Feedback needed: Guidelines for consistency in taxonomy

A large male in the highlands of “La Reserva” feeding on an abundance of Paspalum conjugatum (Photo by S. Blake).

A large male in the highlands of “La Reserva” feeding on an abundance of Paspalum conjugatum. The question is…are you sure it is *really* P. conjugatum? (Photo by S. Blake).

 

We’re trying to streamline the way in which Biotropica authors list the names of species with which they work in the text of articles.  What are the main sources of current taxonomy for the organisms with which you work?  I can think of a few:

  • Plants: APG III (see Angiosperm Phylogeny Group. [A.P.G.] 2009. An update of the Angiosperm Phylogeny Group classification for the orders and families of flowering plants: APG III. Botanical Journal of the Linnean Society 161:105-121. DOI: 10.1111/j.1095-8339.2009.00996.x. or http://www.mobot.org/MOBOT/research/APweb/).
  • Mammals: Don E. Wilson & DeeAnn M. Reeder (editors). 2005. Mammal Species of the World. A Taxonomic and Geographic Reference (3rd ed), Johns Hopkins University Press, 2,142 pp. (Available from Johns Hopkins University Press, 1-800-537-5487 or (410) 516-6900, or at http://www.press.jhu.edu).

What others can you suggest? We are especially in need of suggestions from those working on Birds, Fish, Herps, and Mollusks.

Finally, are there journals whose guidelines on taxonomy are excellent and that you think we should take a look at? Here are some that I have found:

  1. Ibis: “Authorities and dates for the Latin binomial of bird species are not used in the title or summary, and only on the first mention in the main body of the text. Thereafter, the common name is used. Follow the BOU’s The British List http://www.bou.org.uk/thebritishlist/British-List.pdf, and Knox et al. (2004), Taxonomic recommendations for British birds (Ibis 144: 518–525). Apply capitals as follows: ‘Short-eared Owl’, ‘Red-winged Grey Warbler’, but note ‘owls’, ‘warblers’.”
  2. Insectes Sociaux: “Taxonomic keys and online tools used in identifying species should be cited in the article references. If a museum collection was used to assist in identifications that resource should be mentioned in the text.”
  3. Ecological Entomology: “Taxonomic affiliation and authority should be given at the first mention of a species in the text.”
  4. Fungal Biology: In accordance with the changes made in the International Code of Botanical Nomenclature at the St Louis Congress in 1999, author citations of scientific names are not used in Fungal Biology unless the papers are taxonomic or nomenclatural. Further, in those cases author citations are only used where either the date of publication of the name, or the full bibliographic reference to the place of original publication is given. Where only the year is given, it is not placed in parenthesis and the reference is not given in full in the list of References (details can be located through the Index Fungorum database if required). Author citations for the names of host plants, insects and other organisms mentioned are not given under any circumstances. Scientific names of all ranks are placed in italic type (e.g. Ascomycota, Boletales, Fungi, Glomaceae), as in the International Code of Botanical Nomenclature. For consistency, this 11 practice is followed for all groups of organisms in Fungal Biology, including those covered by the International Code of Zoological Nomenclature. Names not used as formal scientific ones are placed in regular type and do not start with a capital letter (e.g. ascomycetes, basidiomycetes, fungi, penicillia, pyrenomycetes). Names of cultivars (cultivated varieties) of cultivated plants are no placed in italic type but prefixed by ‘cv.’ without single inverted commas (e.g. Triticum aestivale cv. Golden Ear). Names of hybrids are indicated by a multiplication sign in Roman type immediately in front of the hybrid genus or specific name, with no space (e.g. Melampsoraxcolumbiana). When first used in the paper, and at the start of each new section, the genus name is to be given in full. Where the name is repeated, the genus name is abbreviated to its initial letter (e.g. Chaetomium globosum to C. globosum) except at the start of a new sentence. Common names of fungi and hosts should not be capitalised or placed in quotation marks, and where available follow standard lists of common names or ones used in quarantine or conservation legislation (e.g. British Society for Plant Pathology, 1984; Stace, New Flora of the British Isles, 1991; Holden, Recommended English Names for Fungi in the UK, 2003).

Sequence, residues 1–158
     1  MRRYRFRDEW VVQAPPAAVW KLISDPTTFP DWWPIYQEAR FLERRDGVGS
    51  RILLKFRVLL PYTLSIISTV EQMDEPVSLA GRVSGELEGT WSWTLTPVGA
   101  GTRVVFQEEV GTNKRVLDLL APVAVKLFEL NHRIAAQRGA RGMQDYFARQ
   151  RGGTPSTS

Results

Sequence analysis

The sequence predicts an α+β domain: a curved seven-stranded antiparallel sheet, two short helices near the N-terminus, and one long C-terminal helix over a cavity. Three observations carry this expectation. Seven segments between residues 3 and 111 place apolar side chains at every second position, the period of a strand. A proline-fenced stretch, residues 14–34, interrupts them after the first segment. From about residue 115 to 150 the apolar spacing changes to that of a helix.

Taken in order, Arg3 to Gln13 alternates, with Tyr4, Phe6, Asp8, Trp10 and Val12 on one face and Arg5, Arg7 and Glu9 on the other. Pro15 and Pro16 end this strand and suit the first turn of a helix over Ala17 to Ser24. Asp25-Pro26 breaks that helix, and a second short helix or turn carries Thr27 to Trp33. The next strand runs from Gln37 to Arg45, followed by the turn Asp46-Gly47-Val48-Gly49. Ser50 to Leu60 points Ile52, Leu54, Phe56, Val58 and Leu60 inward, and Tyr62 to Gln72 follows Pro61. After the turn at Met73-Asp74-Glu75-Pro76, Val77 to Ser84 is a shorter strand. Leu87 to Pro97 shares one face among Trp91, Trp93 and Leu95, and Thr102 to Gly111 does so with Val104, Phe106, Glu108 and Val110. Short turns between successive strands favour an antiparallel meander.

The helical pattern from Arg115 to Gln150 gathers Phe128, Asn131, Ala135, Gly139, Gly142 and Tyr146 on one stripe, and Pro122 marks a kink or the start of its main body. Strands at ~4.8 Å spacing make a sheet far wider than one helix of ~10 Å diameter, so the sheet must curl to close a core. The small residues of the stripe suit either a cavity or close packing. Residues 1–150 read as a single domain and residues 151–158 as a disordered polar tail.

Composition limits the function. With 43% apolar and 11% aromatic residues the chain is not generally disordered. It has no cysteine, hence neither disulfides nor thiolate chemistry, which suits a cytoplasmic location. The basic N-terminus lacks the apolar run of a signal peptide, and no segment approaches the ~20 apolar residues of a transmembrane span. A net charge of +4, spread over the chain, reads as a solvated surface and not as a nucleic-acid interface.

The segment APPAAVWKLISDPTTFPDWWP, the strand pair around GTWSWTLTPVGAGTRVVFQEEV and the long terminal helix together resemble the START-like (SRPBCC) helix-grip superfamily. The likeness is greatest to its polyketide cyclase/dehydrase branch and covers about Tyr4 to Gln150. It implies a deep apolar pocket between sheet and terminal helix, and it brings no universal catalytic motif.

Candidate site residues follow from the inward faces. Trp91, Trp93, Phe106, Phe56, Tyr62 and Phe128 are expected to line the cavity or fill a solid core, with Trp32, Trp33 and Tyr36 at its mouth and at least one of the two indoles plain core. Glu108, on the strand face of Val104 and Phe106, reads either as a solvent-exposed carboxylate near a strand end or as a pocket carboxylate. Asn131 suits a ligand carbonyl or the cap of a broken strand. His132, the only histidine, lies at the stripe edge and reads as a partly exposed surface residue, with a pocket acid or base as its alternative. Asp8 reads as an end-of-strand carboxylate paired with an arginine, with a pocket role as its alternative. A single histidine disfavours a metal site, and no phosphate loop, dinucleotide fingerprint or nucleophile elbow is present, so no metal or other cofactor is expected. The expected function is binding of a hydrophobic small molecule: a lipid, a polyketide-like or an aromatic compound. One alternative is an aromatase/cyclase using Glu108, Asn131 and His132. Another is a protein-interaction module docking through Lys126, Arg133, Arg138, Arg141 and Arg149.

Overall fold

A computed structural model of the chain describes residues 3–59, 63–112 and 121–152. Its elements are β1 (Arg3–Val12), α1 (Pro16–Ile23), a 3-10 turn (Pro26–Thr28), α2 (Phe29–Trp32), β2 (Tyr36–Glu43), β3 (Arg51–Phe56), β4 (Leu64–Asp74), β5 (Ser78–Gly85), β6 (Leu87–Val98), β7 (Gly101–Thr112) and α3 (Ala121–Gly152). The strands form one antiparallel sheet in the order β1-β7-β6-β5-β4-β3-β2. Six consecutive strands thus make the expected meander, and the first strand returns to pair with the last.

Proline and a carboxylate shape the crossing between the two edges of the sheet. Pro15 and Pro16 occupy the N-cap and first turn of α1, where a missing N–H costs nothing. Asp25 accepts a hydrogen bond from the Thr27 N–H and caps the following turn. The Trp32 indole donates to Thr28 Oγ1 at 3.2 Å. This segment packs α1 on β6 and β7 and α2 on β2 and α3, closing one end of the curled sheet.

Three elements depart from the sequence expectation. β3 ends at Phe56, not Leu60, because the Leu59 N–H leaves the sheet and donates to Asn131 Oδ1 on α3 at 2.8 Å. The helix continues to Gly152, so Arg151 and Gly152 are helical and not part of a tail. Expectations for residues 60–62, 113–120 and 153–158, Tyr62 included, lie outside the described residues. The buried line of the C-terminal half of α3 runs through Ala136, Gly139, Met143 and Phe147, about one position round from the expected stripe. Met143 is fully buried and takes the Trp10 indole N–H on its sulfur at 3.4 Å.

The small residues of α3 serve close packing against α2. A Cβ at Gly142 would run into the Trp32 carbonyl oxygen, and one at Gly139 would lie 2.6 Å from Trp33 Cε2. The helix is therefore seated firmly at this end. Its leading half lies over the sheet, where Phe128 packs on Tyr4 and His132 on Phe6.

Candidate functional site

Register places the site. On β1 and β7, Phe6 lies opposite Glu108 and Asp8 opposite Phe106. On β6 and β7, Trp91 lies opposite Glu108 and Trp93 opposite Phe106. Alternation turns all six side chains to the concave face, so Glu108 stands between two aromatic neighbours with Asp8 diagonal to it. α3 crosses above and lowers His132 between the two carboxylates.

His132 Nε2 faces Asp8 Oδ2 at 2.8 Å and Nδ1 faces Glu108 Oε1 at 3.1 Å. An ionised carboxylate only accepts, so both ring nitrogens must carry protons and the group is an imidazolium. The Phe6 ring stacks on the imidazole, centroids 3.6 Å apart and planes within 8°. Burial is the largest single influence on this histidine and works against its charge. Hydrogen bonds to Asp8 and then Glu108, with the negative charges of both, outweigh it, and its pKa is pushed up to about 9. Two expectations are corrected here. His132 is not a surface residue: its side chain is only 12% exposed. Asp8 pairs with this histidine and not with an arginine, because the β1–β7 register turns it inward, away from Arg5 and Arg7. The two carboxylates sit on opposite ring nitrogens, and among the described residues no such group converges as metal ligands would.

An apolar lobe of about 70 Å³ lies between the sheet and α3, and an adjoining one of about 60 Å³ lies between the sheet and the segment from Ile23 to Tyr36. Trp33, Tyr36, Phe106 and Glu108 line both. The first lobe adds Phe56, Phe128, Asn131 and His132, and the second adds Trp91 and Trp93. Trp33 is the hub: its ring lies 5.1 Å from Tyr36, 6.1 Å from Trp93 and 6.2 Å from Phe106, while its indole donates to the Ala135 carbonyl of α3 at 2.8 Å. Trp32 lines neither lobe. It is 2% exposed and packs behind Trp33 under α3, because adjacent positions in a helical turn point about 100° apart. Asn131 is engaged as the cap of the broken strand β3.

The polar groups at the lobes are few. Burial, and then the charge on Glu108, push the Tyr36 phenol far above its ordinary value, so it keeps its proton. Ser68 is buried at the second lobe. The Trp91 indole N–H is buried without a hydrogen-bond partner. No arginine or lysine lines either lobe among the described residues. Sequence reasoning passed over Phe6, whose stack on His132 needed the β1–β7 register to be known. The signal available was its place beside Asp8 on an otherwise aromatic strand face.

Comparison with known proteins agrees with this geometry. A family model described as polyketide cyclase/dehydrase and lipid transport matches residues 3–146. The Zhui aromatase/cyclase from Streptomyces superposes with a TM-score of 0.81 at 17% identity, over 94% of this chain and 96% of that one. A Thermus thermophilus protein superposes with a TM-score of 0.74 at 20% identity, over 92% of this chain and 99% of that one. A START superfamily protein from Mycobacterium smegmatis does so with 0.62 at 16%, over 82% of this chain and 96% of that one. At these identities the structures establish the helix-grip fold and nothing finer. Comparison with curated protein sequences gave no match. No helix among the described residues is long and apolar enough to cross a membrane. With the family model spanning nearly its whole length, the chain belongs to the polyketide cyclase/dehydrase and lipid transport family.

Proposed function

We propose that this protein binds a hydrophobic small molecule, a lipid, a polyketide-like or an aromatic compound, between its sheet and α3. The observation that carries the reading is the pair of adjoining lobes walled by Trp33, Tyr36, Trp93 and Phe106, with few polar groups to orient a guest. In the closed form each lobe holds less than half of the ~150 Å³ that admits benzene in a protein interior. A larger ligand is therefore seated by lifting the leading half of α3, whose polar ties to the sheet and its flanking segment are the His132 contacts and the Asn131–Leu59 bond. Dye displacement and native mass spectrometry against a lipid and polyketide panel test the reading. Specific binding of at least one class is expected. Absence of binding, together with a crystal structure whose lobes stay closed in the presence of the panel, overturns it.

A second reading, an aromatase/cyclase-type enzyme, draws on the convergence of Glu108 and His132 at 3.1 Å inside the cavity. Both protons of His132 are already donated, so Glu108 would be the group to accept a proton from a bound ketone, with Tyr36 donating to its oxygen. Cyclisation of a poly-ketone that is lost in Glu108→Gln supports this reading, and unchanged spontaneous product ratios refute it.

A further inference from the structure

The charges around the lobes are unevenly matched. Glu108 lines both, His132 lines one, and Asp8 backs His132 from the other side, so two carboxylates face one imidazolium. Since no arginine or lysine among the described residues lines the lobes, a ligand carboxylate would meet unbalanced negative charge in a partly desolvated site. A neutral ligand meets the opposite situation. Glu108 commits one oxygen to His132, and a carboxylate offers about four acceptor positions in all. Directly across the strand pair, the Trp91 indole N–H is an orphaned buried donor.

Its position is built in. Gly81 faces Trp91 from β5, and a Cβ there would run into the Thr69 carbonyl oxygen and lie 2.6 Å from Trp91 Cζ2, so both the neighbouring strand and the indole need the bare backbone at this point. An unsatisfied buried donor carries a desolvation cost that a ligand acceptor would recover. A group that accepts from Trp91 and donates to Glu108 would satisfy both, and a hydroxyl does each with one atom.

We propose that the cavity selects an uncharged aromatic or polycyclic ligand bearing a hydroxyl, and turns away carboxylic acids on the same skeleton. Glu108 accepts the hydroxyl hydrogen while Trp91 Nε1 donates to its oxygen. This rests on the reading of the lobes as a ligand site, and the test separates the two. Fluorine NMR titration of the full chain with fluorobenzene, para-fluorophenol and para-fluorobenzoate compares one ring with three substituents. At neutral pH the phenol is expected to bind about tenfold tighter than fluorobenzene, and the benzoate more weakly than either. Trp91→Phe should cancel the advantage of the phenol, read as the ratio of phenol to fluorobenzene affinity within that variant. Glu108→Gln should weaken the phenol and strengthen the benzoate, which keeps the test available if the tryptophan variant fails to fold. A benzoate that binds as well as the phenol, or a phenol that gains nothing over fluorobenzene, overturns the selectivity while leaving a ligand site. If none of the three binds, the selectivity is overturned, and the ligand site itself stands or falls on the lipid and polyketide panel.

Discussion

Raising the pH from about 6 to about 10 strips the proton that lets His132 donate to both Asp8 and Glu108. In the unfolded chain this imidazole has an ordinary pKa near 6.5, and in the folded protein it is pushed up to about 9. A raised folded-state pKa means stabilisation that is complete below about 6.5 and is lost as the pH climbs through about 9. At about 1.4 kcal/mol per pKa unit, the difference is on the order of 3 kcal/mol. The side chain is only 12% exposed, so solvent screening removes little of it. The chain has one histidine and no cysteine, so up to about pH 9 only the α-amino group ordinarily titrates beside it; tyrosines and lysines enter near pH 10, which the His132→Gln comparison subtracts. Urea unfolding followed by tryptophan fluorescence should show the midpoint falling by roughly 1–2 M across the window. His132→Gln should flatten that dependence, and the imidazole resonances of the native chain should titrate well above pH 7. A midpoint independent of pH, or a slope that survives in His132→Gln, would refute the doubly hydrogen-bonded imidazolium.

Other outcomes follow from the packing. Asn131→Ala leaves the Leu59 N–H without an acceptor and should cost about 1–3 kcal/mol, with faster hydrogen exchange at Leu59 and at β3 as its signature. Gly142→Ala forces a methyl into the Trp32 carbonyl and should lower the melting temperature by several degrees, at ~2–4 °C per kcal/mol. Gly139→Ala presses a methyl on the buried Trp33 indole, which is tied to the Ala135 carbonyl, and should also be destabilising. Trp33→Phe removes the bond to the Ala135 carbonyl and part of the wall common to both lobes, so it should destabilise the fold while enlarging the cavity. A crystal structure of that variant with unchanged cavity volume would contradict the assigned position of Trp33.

5. J. Mammalogy: Mammal Species of the World, 3rd ed., or Handbook of the Mammals of the World (5 of 9 volumes published as of March 2016) are our baselines for mammal taxonomy.  Newer names accepted; older names need justification.

Additionally, taxonomic synonymic headings may be used.  These differ from headings listed above, and include full attribution of the author of the name followed by a comma and the year of publication.  Common names of new species, if provided, are centered on the next line.  NOTE that attribution is distinct from citation, and this formatting style formally distinguishes nomenclatural attribution from literature citation (which lack the comma), although authors should include these nomenclatural references in the Literature Cited.  This formatting keeps the Journal of Mammalogy consistent with attribution given in synonymies for Mammalian Species; for further guidance see Gardner and Hayssen (2004) ‘A guide to constructing and understanding synonymies for Mammalian Species’ (Mammalian Species 739:1–17):

Family Molossidae
(genus and species indeterminate)
Rattus detentus, new species Timm, Weijola, Aplin, Flannery, and Pine
Admiralties Rat
Sorex merriami Dobson, 1890
Crocidura rapax G. Allen, 1923
Meriones unguiculatus (Milne-Edwards, 1867)